Ames Daily Tribune from Ames, Iowa on September 13, 1933 · Page 5
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Ames Daily Tribune from Ames, Iowa · Page 5

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Wednesday, September 13, 1933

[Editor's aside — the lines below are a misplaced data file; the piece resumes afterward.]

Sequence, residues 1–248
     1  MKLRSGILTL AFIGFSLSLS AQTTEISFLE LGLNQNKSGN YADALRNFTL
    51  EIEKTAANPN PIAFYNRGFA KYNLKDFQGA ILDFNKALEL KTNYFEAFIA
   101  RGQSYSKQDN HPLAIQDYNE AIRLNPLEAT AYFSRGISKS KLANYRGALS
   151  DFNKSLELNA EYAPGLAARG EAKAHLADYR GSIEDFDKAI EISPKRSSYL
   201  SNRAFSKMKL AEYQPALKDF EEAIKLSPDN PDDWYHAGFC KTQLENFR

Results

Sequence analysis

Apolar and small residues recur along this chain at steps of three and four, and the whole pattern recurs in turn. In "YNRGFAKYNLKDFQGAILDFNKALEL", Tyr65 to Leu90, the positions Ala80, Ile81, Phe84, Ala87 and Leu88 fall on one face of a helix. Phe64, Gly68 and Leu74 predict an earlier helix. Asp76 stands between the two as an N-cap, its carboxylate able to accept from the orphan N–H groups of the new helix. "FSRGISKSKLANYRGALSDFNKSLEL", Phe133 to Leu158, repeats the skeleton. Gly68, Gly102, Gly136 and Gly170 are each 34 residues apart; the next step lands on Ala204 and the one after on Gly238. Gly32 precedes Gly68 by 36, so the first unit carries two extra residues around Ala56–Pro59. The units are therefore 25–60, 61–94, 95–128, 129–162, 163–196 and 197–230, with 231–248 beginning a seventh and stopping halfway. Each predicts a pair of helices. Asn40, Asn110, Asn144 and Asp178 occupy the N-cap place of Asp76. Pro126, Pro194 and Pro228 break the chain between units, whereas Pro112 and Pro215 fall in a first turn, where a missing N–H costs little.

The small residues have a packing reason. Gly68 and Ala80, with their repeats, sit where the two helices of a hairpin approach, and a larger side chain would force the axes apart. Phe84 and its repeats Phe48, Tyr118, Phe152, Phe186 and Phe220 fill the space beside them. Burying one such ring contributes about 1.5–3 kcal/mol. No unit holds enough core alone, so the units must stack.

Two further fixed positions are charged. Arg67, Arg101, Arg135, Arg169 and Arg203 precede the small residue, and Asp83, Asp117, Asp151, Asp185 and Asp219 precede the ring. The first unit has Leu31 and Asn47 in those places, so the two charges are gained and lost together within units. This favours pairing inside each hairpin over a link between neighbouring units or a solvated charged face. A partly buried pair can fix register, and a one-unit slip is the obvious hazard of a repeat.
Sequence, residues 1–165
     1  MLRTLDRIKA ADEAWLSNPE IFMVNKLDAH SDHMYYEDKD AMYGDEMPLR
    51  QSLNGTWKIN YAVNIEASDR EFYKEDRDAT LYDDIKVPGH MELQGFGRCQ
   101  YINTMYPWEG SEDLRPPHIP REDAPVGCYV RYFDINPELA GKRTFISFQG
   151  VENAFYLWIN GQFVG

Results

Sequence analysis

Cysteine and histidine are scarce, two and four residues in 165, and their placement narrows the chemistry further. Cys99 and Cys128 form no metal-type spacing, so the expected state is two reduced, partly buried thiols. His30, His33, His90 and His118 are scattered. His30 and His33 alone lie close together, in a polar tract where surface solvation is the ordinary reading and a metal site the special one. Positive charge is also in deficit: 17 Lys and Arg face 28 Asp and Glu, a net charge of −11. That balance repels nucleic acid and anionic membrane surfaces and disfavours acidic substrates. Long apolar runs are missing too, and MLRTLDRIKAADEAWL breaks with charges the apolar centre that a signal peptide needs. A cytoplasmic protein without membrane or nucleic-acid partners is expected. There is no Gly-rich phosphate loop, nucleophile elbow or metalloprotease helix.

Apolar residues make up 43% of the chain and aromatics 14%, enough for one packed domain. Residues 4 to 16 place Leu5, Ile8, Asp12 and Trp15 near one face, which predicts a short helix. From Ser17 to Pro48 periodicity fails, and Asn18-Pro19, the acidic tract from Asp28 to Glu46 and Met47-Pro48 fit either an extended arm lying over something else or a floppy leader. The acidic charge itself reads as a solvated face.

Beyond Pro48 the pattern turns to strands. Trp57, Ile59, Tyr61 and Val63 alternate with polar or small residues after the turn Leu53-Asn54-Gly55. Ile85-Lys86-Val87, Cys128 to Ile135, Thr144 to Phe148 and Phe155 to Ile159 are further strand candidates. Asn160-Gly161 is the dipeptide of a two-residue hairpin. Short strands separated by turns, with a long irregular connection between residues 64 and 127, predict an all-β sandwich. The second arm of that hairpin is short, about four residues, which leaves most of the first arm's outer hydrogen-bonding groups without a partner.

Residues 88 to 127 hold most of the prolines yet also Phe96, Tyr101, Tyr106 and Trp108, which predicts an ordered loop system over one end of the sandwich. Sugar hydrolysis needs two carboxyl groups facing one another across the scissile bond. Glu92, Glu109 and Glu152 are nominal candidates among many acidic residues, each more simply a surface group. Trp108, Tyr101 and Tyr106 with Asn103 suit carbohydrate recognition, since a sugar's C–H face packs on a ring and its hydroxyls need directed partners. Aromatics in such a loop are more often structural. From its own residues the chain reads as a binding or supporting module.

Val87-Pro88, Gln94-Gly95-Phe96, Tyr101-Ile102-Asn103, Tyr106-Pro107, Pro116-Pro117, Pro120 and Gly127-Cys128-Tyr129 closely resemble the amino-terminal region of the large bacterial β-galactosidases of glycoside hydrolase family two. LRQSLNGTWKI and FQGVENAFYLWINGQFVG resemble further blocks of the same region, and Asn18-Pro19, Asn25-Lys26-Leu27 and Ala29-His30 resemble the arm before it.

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Sign Up With NRA l»o jour duty. Your belp U needed NOW. Million* of HM» *a<J women m*j tmMtr UU» wla- ter If yom del*;. I ' • • Ames Daily Tribune-rimes STORY COUNTY'S DAILY VOLUME LXVI1 Official Amti and Story County P«p«r AMES, ICWA, WIDKBSDAY, SEPTEMBER 13,1933 United Press Wire Service WEATHE1 FORECAST Cloudy, rain In ***t portion Wed"«ad«y night and probably in extreme eaat portion Thursday morning. Ccoler in southeast portion Wednesday nijht. Ho. 68 100,000 WORKERS ON STRIKE IN U. S. BITUMINOUS COAI WITH EVADING Labor Asserts Large Surplus Being Piled Up WASHINGTON C.P> — Spokesmen for organized labor charged Wednesday that powerful financial interests were obstructing coal code negotiations in order to pile up surpluses of low-cost coal. The assertion was made that a deliberate policy of over-production would result in widespread slackening of mine activity after the code, with higher wage rates and bans on price slashing, goes into operation. Many of the sales being made now to railroads and utilities are at prices below the cost of production. In some-eases being as low as 90 cents a ton. Faced with these charges, the NRA sought to speed up negotiations in conferences with two new committees of operators selected after Tuesday's (• public hearings. One committee is working on the code itself, the other on administration of the code. NRA issued a statement say- Ing. "It has become apparent that various provisions of the code can be rewritten *n a manner to iron out many objections and make the code satisfactory to a larger percentage of the industry." In connection with the charges of the labor leaders, complaints already have been made that the lumber code has resulted in unemployment rather than re-employment. Thi? is attributed to the frenzied production at low wage" scales before the lumber code became effective. The situation is aggravated by fh*? highly organized condition of the industry and the unrest pre- wsilin? « '•• tbe'Mcac 1 *.--.8eJd.fr—^over the code delay If large purchasers of coal stock up nojv for future needs, th,e householder wi]I be left to On a Railroad Man's Holiday! Frank H. I., retired 4.000,000 Pahde of Mlneola, L. after having miles during traveled his 54 years of service with the Long Island railroad. So what did he He went on a trip! Here you see him as he made ready to journey to the world's fair at Chicago. pay increased prices when he puts in his winter supply. It has beeu estimated that the retail price of coal will be jumped possibly as much as $2 per ton under wage agreements such as. the ones now being discussed. Coal production in July went to 29,482,000 tons, as compared to 17.S57.000 in July. 1932. The appointment of the two new committees of nine members each to discuss the code left the impression that actual approval of a code was still many days distant. In presenting the procedure by which the XRA hopes- to reach a coal code after a summer of. wrangling and dispute, General Counsel Donald Rlchberg said the emphasis would be upon speed, but he gave no definite deadline. Labor leaders were dissatisfied by these tactics. They said privately that the situation held serious potentialities. County Legion Group Meets at Roland Fri. The forthcoming membership campaign,in all American Legion posts will be the principal discus sion topic r.t the September meet ing of the Story county council to be held Friday night in Roland The Roland post will be host to 'he county gathering. All Legion aires in the county are urged to attend. Members of other posts will be informed of the joint Armistice day and football celebration being arranged by the Ames post anc the Iowa State college athletic de partment. All Legionaires in Iowa are to be given an opportunity to see the Iowa State vs. Kansas State grid game November 11 without charge, thru the joint co operation of the Legion and the college athletic department. Only Legion members having 1934 mem bership cards will be admitted un der this special offer Test Your Knowledge Can you .nsws. seven of thes« test questions? Turn to paae 4 for the answers. 1. Who was Kara George? 2. Why does congress have exclusive jurisdiction over the District of Columbia? 3. What Is the lastt bugle call of the day at an army post? 4. Which battle of the Civil •war war, called "the battle above the rloiids"? s. On what body of water Is the seaport, of Varna? fi. What does the name. Smithson niPflfl? 7. In what ocean Is Nova Zambia? K. Wbnl r-ort of climate has n, Wlio «'ns Thomas Mulnnrh? 10.. Hou many known major sre there,? Ames Relief Project Suffers Loss 'An interesting report of tiie community garden project undertaken by a committee of which City Manager J. H. Ames was chairman, in Ames during the past summer, was read by Mr. Ames before the Storj County Social Service league's. d rectors meeting, Tuesday night, i the city hall. The data was compiled by Gaj lord Campbell, employed by th garden committee to supervise th project. The task of supervisio was a colossal one, because of tb fact that gardens were scatteret all over the city, with many o them beyond the city limits. Seed were furnished by the committe for many gardens, while others re cetving social service aid wer placed under Mr. Campbell's super vision. The long drouth of the early par of the summer played havoc with these gardens, and the average re turns are much, lower than would have been otherwise. In fact, manj gardens were abandoned because of the drouth. 178 Given Seed There were 17S families to whom garden seeds were given in the spring. There were a total of 205 garden plots placed under Mr Campbe'l's supervision, including several in two city-owned lots. One was the five-acre tract on South Duff avenue, and the other a plot near the Ames cemetery. ' Because of abandonment or re moval of families, failure to take care of gardens, and other causes no report is available on the condition of 94 of the 205 gardens. The following tabulated results therefore cover only 124 gardens. Results of various garden crops, with the exception of potatoes as (Contitr.ed on Page Two.) 3 MORE STATES JOIN PARADE FOR DRYLAWREPEAl Wets Need But Seven Extra to Attain Their Goal By UNITED PRESS The approval of only seven more states was needed Wednesday to remove the ISih amendment from the constitution. Substantial returns from Colorado, Minnesota and Maryland which voted Tuesday indicated good majorities for repeal. They were the 27tb, 2Sth, and 29th states to join the unbroken wet parade. With more thai, three-fourths of the state's precincts counted, re- peaJ led in Colorado by more than two to one. With more than half of the precin.ts counted in Minnesota, the repealists were maintaining the same lead. In Maryland, the repeal victory was expected to approach the proportions of 5% tq Tuesday's landslide for repeal, following close on a wet victoiy in the prohibition pioneer state of Maine, Monday, placed repeal within reaching distance of actuality. Ten slates vote between now and Nov. 7. Wets are confident of winning all, but need to win only se.y- en for victory. New Mexico.and Idaho vote next Tuesday. Virginia votes Oct. 3, Florida Oct. 10, and Ohio, PennsyL vania. North and South Carolina, Utah and Kentucky, Nov. 7. The last repeal convention will be held Dec. 6 and if the wets are victorious, the ISth amendment will die on that day. Japan Will Demand Right to Construct Larger Navy Nipponese Government Plans to Press Its Request at Next International Naval Conference; Does'Not Aim at Full Parity With U. S. and Britain By MILES W. VAUGHN Cepyrlflht 1933 b« United Pr«M United Prew Staff Correspondent TOKIO, <1IE>—Navy Minister Mineo Osumi told the United Frees in an exclusive interview Wednesday that Japan will demand a naval ration more nearly approximating that of Great Britain and the United States at the next International naval' conference. International observers saw in his flat statement a possibility of unlimited naval competition after the London naval treaty expires in 1935 unless Japan's demand is met in a new treaty. Osumi left no doubt of Japan's dissatisfaction with existing treaties that limit the Nipponese navy to three vessels of war to every fives for the United States and five for Great Britain. The minister did not say what ratio Japan will demand. Unofficial reports here were that the Japanese will ask 7.3 ships for each 10 owned by the other two great powers, rather, than absolute equality. The interview came as Japan employs a huge portion of the bud-' get in building her navy to the borderline of the London treaty limitation and increasing her army and air forces. .Osumi said the idea of an ag- gressive war, however, has no place In Japanese plans. He said that national security and limitation of fighting power are inextricably related, thai Japan must maintain peace in the far east and assure- her defenses. "There is no reason why a nation should remain forever content with a treaty previously signet/' said the navy minister. "\Ve signed the London treaty only conditionally, for reasons of the welfare of humanity. For the same reason, we signed the Washington .treaty. "Those treaties at present are inadequate to guarantee security of the Japanese empire. The inter- national situation has become altered since they were drafted. "Furthermore, it is doubtful if present relations are rational or economical. "At.any rale we are dissatisfied with present limitations, and will demand a change of ratios at the next conference." Osumi denied that Japan and the United States are engaged in a naval race, hut justified his nation's demand for a stronger navy by quoting Claude Swanson, U. S. secretary of the Navy, who said the American war fleet must be of sufficient strength to defend the (Continued on Pj.ge Three) An agreement on minimum prices to be charged students and attaches of Iowa State college for board and room during the coming school year was reached by a group ot 92 boarding and rooming house keepers in the fourth ward, at a meeting Monday night. The meeting was held at the residence of J. Ed Allen. 116 Hyland avenue, and the group largely represented the entire rooming houpe business of the fourth ward. Prof. E. F ,Goss of the dairy industry department at Iowa State, and Ralph E. Miller, associate secretary of the college Y. M. C. A. in charge of rooming facilities, addressed the galher- "ng. They described the college ^operative dormitories and the Minnesota Wet By 2 to 1 Vote ST. PAUL, Minn., 'U.Ei — With more than half the state's precincts, tabulated, ratification of the 1 ' 21st (repeal) amendment was leading by more than 2 tc 1 Wednesday in Minnesota, home of Andrew Volstead. The vote in 1.9SO of the state's 3,693 precincts ;n Tuesday's special election gave: For repeal 313,349. Against repeal 149,1599. The tabulation represented virtually every section of the state, including all of Minneapolis and a majority of St. Paul. In St. Paul, anti-prohibitionists piled up a majority of 4^A to 1. Outstate voting was running at a New York Stages Huge Parade To Show Confidence in Pres. NEW YORK (U.E>—Inspired by a personal appeal from Gen, Hugh S. Johnson. New York staged a mam. moth demonstration Wednesday of its confidence in President Roosevelt's recovery program. Virtually all business establishments closed at 1 p. m. for a parade of 250,000 marchers, climaxing a two-day avowal of faith in the NRA. The celebration began Tuesday night'with a rally at.Madison Square garden, at which General Johnson spoke. The country is about one-quarter of the way out p! the depression, Johnson said. Eighty-five per cent of employers are enrolled under the NRA Now the nation must guard against the counsel of discredited leaders, those who when the .banks were (ftosed in March demanded an | "economic czardom." Some of these same leaders, Johnson intimated, are saying: "W T e are on our way out. The president's recovery program had nothing to do with Jt.Jf Let us abandon the whole thing and go back to the good old days?" Such people display "short memories — short, sight — short sportsmanship," Johnson said. "No man can put his' finger on any particular cause and say that v.-as T.-hy' this country "has been lifted about a quarter of the way out of the March depths since Franklin Roosevelt became president," he declared. "But any man can be very.^ure that there was chaos-— then action— and provement so' definite and certain (Contuued on Page Three) . swift and intelligent then nation-wide im- OPPOSITION SAYS SAN MARTIN ratio of to 1 for repeal. In Minneapolis, where drys had hoped to show considerable strength, repeal held a majority of almost 3 to 1. Denver Shows 5 to 1 Margin DENVER; (UJE>—Colorado definitely joined the repeal parade Wednesday. Complete returns from four-fifths of the state's 1,548 precincts gave a wet majority of more than two to one. The vote from 1,229 precincts was: For repeal 128,916. Against repeal 5S.15S. In Denver repeal had a margin of nearly five to one. The final vote (Continued on Page Three) Duck Hunting Season Will Open October 1 DES MOINES <UJR>—The Iowa duck hunting season will open at noon Oct. 1 and close at sundown Vov/ 30, the Iowa Fish and Game lepartment announced Wednesday. Shooting and bag limits set by he department restricted a day's hooting to 12, including not more han eight of one kind. Shooting if brants and geese will be restrict- id to four per person. New Administration Gains Strength HAVANA (U.E>—President Ramon Irau San Martin, claiming the support of the people, proceeded Wednesday with plans to consolidate his power and restore constitutional government; His government decided the opposition was so weak, it could be ignored. Admitting the hostility or coldness of the. principal political parties and the opposition of deposed army and navy officers encamped at the National hotel, the government asserted it had the backing of a majority of the people. The politicians and the officers expressed confidence that the government was so weak it would fall by itself without a revolt. It had no authority at all outside of Havana, they asserted, and was leaving the country to anarchy.' The cabinet determined to pay no attention either to acts or statements of the 'military" "officers. The guards, strung around the large grounds of the National hotel to watch for signs of a revolt were reduced in number. The -military officers are quartered there. It was asserted at the palace that normal order was being restored in the provinces and strikes were bekg settled. Laborers, it was said, were being granted increased wages. There were no reports of disorder in the provinces. For a time Tuesday grave fear was held for safety of Americans at Santiago at the eastern end of the island. Apparently reliable reports said Americans, were concentrating at Rente, across the bay from Santiago, and might need tents for shel- Direct reports from Santiago, lowever, diminished fears. Complete order reigned in Havana and there was no real sign {Continued on Page Two) THRIFT SHOP TO [owa State Grad to Undertake Dairy Development in India Dr. Burch H. Schneider and Wife, Who Is Ames Girl, Leaving Thursday for Orient efforts ohtain made by adequate the and college to reasonably priced quarters for students. • *• BANDIT SHOOTS GOUFEP TOLEDO, O.. (UE>—J. L. Far- Kfr. Hudson, Mirli.. • Insurance .. agent, ^ R h 0 t thru the eye while playing R0 lf with fi ve companions on a fashionable golf course here a .» Tuesday. ater In Mr. lit hft j f An hnur . wns masker) nm! rscapfd flfli-r obblng Pi-rkftr's companion of $75, By FLOYD H. CORLISS As Ames woman and her hus- and, Dr. and Mrs. Burch H. chneider, both former students at owa State college, will leave here hursday on the first lap of a long ourney with the final destination t Allahabad. India, where Dr. chneider will begin a most inter- sting experiment in dairy cattle evelopment, a project, that is not xpected to • be. completed before nother 100 years. Dr. Schneider is commissioned 1th the task of ultimately introducing into India a breed of tropical dairy cattle that will produce successfully and substantially rafsg the standard of dairy products in that far-off land. Mrs. Schneider is the former Miss Violet Siemers, daughter of Mr. and Mrs. Henry Stemers, 1208 Kfillogg nvonue. Both she and her husband will go to India RR regular nifsslonariM under the hoard of foreign mission?, of (lie Presbyter- inn chin rh. Mr,",. Srlnioidor \vi!l open a nursery school under the sponsorship of the North India mission of the Presbjterian church. Taking Children to India Dr. and Mrs. Schneider will take with them their two children, Jenny May, who was born at Bar), Italy, in September 1928. and Jocelyn Ann, born at Mary Greeley hospital Nov. 21. 1932, Both children have just completed a series of typhoid and diphtheria immunization treatments preparatory to departing for their new homeland. In an interview at the Siemers home, Tuesday night. Dr. Schneider described the scope and extent of the work he is about to undertake. The proposed experiments are being sponsored by the Allahabad Agricultural institute, which organization will provide the chief support for Dr. Schneider and his family. They also will receive some compensation from the church mission board. Dr. SrhnHriev will \\n\c chavgr of all nniniiil htishimdr.v work of (Cunllou«<l pu £ae» Two) l Club Women Sponsor ; •' Project Opening of an Arties "thrift shop" where women of unemployed families and from homes; where economic resources are greatly limited may purchase articles of clothing, fruit jars and household goods, was announced Wednesday. The shop will be conducted in the community sewing room in the Masonic temple, each Saturday from 1 to 5 p. m. The room also is open on Tuesday and Friday afternoons for sewing and other work under direction of the Red Cross, Social Service league and other organizations, and gifts for the thrift shop may be taken there on those days. Cooperating in the thrift, shop will be the Faculty Women's club and the Ames Woman's club, from which has been selected a committee in charge with Mrs. J. C. Cunningham as chairman. Other organizations cooperating will include the Red Cross and Social Service league. To Provide Shoe Fund "The thrift shop will be operated for the purpose of receiving ant dispensing used clothing, shoes anc useful household articles, whicl will be sold at a very nomina price," said the announcemen Wednesday. "The proceeds will be used to maintain the room and to provid a fund for buying children's shoes this winter. "The problem of children's shoes has always been an outstanding sne, because used shoes are usual ty worn out when turned in, and because shoes unlike other cloth ng must fit the wearer or be harm ful. Previous Sales Successful "The demands for used clothing at two experimental rummage sales ed the/ committee to believe that with support and cooperation this project will do much toward solv- ng the problem of children's shoes 'or this coming winter." * Club and individuals who wish to do Red Cross sewing either at the production room or at home, are asked to note that beginning next Tuesday, the room will be open two afternoons each week for that purpose. Mrs. Dou W. Atkinson will be in charge on Tuesdays and Mrs. J. B. Davidson on Fridays. A hearty support for these projects Is solicited, and those who have contributions for the thrift shop and who cannot bring them in on either Tuesday. Friday or Saturday afternoons, may telephone Mrs. H. M. Hamlin, No. 1172 or Mrs. -W. 1. Cushing. No. 547-J and parcels will be called for. ROOSEVELT SPEEDS $50,000,00 Released for Army Housing WASHINGTON (UP.)—President Roosevelt moved swiftly Wednesday to clear the way for unrestrained movement of the recovery, program, which he indicated already is making its full effects felt thruout the nation. He spread re-employment by starting a $50,000.000 army housing project and at tlie same Administration » Has Fixed Goal For Farm Price WASHINGTON, itI.E>—The administration feels that one-third of the way must stilt be traveled before farm prices are at the level with those ot 3914, which have been fixed as an arbitrary goal in the drive for national recovery, It was learned at the white house Wednesday. Based on the 1914 purchasing power of the farm dollar, fixed at 100, the white house said the level time brought pressure to i, ring i has gone UP to 66 and there now re. ...... - . - . ° the bituminous coal industry under the recovery set-up at once. The president reported that the upswing of farm prices was bringing results, that the recovery program was reducing the number of destitute and that the administration was pouring credit into trade channels to quicken the" business upturn. He indicated readiness to swing the "big stick" at once if the bituminous coal industry continued hjaggliiig' over a code. He called steel magnates to a conference which he hopes will result in large orders of steel rails for railroads. The master retail code was in form for definite action by Administrator Hugh S. Johnson. October 1 was set as the deadline for substitution of wage and hour provisions in the president's re-employment agreement. The national labor 'board in a unanimous decision has upheld the right of workers to be "represented by outside agents in negotiations with employers. In its first direct ruling on labor provisions of the national recovery act, the board held that the Berkeley woolen mills, Martinsburg, W. Va., had violated the woolen code by refusing to deal with officials of the United Textile Workers. The union officials had been selected by striking employes to represent them in negotiations. mains to go another third of the way back in order to accomplish the agricultural phase of the nation's recovery program. It was pointed out that farm prices were estimated for 1933 at ?6,100,000,000. This does not take into consideration benefit payments of approximately $200,000,000 which would bring the gross farm income for 1933 to |6,300.QOO,000. , It was explained that this figure compares with $5.100,000,000 gross farm incom^ foj-. 19 ' foj-. ,000'; mately $1,000,000';000 additiorlal in round figures; CHANDLER EGAN BEATS Three Escaped Convicts Slain MARKSVILLE. La.. H'-D—Three of the 12 convicts who shot tbeir- way out of the state prison at Angola Sunday were killed Wednesday in a pitched battle with a. posse near Saline. Point. Three others were captured. The Identity of the three dead WB,R not Immediately established but It wan believed they were Cleo rarlson. Wnlter HotiO'-rson «nrt Dn!!na Hunter, »1) lif" terra con- VlC,t,8. Seeks $2,291 Due on State Road Projects NEVADA—The Iowa State High, way commission, the Harrison Engineering and Construction company and W. W. Curfey have been named defendants in a suit filed in Story county district court here by the Partello Road Construction company of Boone. The Boone construction company is seeking a judgment of ?2,291.34 against the defendants for labor and material turnished on road work in Marion and Warren counties during 1932. The petition sets forth that the contract for the projects was awarded to the Harrison company by the highway commission, that the v.ork was then sublet to W. W. Curtey, who in turn sub-let the earth work to the Partello company. Judgment is asked for the amount due for construction work, a claim for which is said .to have already been entered with the company to which the contract was awarded, for a reasonable sum as attorney fees, and that upon judgment being ordered, the defendant stats highway commission be ordered to pay out of any funds due on said projects the sum for which judgment is entered in favor of the Partello company. CINCINNATI,, <U.R) — After one of the bitterest first round struggles ever played in the national amateur golf championship, Chandler Egan, Medford. Ore., amateur titleholder 28 year,* ago and oldest player in the tournament, Wednesday eliminated Johnny Goodman, Omaha, national open champion, two up. It was the biggest upset in national amateur play since Goodman, then a 19-year-old unknown, beat Bobby Jones in the first round at Pebble Beach Calif., in 1929. LABOR ON MANY NRA PROTECTION General Tie-up Feared in Pennsylvania Coal Fields NEW YORK (U.E)— Approximately 100,000 American workers were on strike Wednesday in wid»ly separated industrial centers. While the national recovery administration worked toward peace, mediation boards straggled with. warring .capital and labor factions on many fronts. New York contributed 45.000 of the total. The New Jersey silk dyeing centers were tied up in & general strike and lockout affecting 25,000 workers. In the. Pennsylvania coal mining districts, 6,000 min» ers were striking in protest against long delays in formulating. an NRA code regulating the *oft coal industry. In Philadelphia 1,200 were out in a group of small strikes and 1,000 restaurant workers threatened to strike at noon. Wednesday ia St. Louis, 1,000 garment workers were out and 8,000 Chicago needle trades workers still were on strike. In California 3,500 raisin workers continued their strike, and 500 miners In Gallup, N. M. t maintained their front. Factory strikes in western Pennsylvania added 1,400 strikers to the total, and 800 silk workers were out in Connecticut. In Brockton, Mags., 5,500 sho» workers were on strike. All the strikes were either in pretest against failure of employers to speedily put tLemselves under NRA codes, .or over disputes in the administration of codes. The most " serious situation was that in Pennsylvania where a general strike tying' up all the coal fields impended, Many labor leaders felt that only by a strike could they force operators to agree to a, coal code. »Jn .JVashuigton .ojgan- . f?-; charged that ..powerful financial 'interests were ^deliberately obstructing code negotiations in order to pile up large surpluses of cheaply mined coal. . Underwear workers represented the largest proportion of New York strikers, 25,000 having walked, out and- paralyzed the industry, Other major strikes were 1.0,000 necktie workers, and 15,000 'dyers and cleaners. < LONDON (U.R>—A single diamond valued at 20.000 pounds ($91,600J was stolen Wednesday ' from the show window of a Hatton Garden diamond shop In a "smash and gr&b'' raid. The street, world-famous as a diamond market, was crowded with workers on their way to office. The thief smashed the plate glass window and grabbed the stone. Four men participated in the theft. They escaped by automobile The stone was. called the Polar Star. It weighed 33 3-4 carats and was one of the stones. world's famous Sale of Athletic Tickets Progresses The sale of season tickets to athletic events at Iowa State college this fall and winter is meeting with good success, the men who are canvassing the business districts reported Wednesday. Because of Mr. Engeldinger's funeral Tuesday afternoon, a number of downtown business men could not be seen, and were bpinp called on Wednesday. This slightly delayed the progress of the (=alp. Canvassers downtown are wprk- Leaders Hold Men in Line PITTSBURGH. . <EE> — Union leaders appeared . successful in most cases Wednesday in holding their men in. line .despite- strong resentment 'among the miners OT* er failure .to complete a bituminous coal code. An early check of the •western! Pennsylvania coal Jields disclosed; only one mine added to the 15 on> strike during the past few days in an attempt to force coal operator* to come to an agreement In Wash* The newly .closed mine Tras. ; th« Pricedale mine of the Pittsburgh coal company, in Washington; county, where 475 men refused to report.for work this morning. Ottfc ef mines in that section were op< erating normally. William Hargef;, in charge of district 5, United Mine Workers ofl America, who's president Patrick; T. Fagan is in Washington, saiil today that no union leaders wers supporting a. strike to lorce oper* ators, • . Iowa NRA Heads, Congressmen to Discuss Recovery DES MOINES <D2)—Executives of Iowa's NRA drive will meet her* Thursday with all Iowa's congressmen, members of the regional ad- nsory board and. interpretation. :ommittees to ponder methods of making more effective Iowa's, recovery. , Mrs. Flora Etter, Sigourney, owa national democratic commit- ee woman Wednesday was appointed chairman of the women's ection of the recovery drive ac- ordinp to announcement by Pub- icity Chairman Fred Pownall. Kingsbury Is Named Grand Jury Foreman NEVADA- A. 0. Kingsbury of j Nevada has h^n named foreman of h<3 grand jury wliirli will serve rlur- ng the September t"rm of district ourf here. Other in embers of the ury fire Mrs. T. E. Williams of No- •ada, C. A, Wirkard of Maxwrll. H. . Birkestraml of MrCallshnrg. Peter Jgenes of Mrfallsr-uvg and Ray 'rawford of Gilbert. The court r.poned Monday for n l\ weeks' term with Judge, 0. J. •Ipnderson of Webster City pi-paid- HR. This week In to he devoted to ii'y work and trail jurors will re- in? under the Charles Reynolds. ney is in charge ward. direction of Fred Court- In the fourth ort ny. ssiirament will be taken up. for duty wl t:" n p. m, Mon- September ]£, wh*»n the law Four Bandits Rob Bank of $35,000 AMERY, Wi.-s. if.D-Four heavily arni"d men, believed membfrs of the gang which conducted an er:- press robbery ir. St. Paul, held np the Union Staf" Rank Wednesday and pscappd with loot estimated at $35.000. The quartet apparently spent the night in the bank ami arroMed Clifford Olson, assistant cashier, as he opened the bank. He was forced to unlock all the boxes in the safety deposit vatiV. Three of lh*> bnmlils looifd tlto ImnU ivhilo (lie other ."Mpprd out mid brought I nn automobile to the door. i AUNT LINDY SAYS- If a body were choosing their own troubles it would be Irrd to select a more versatile collection.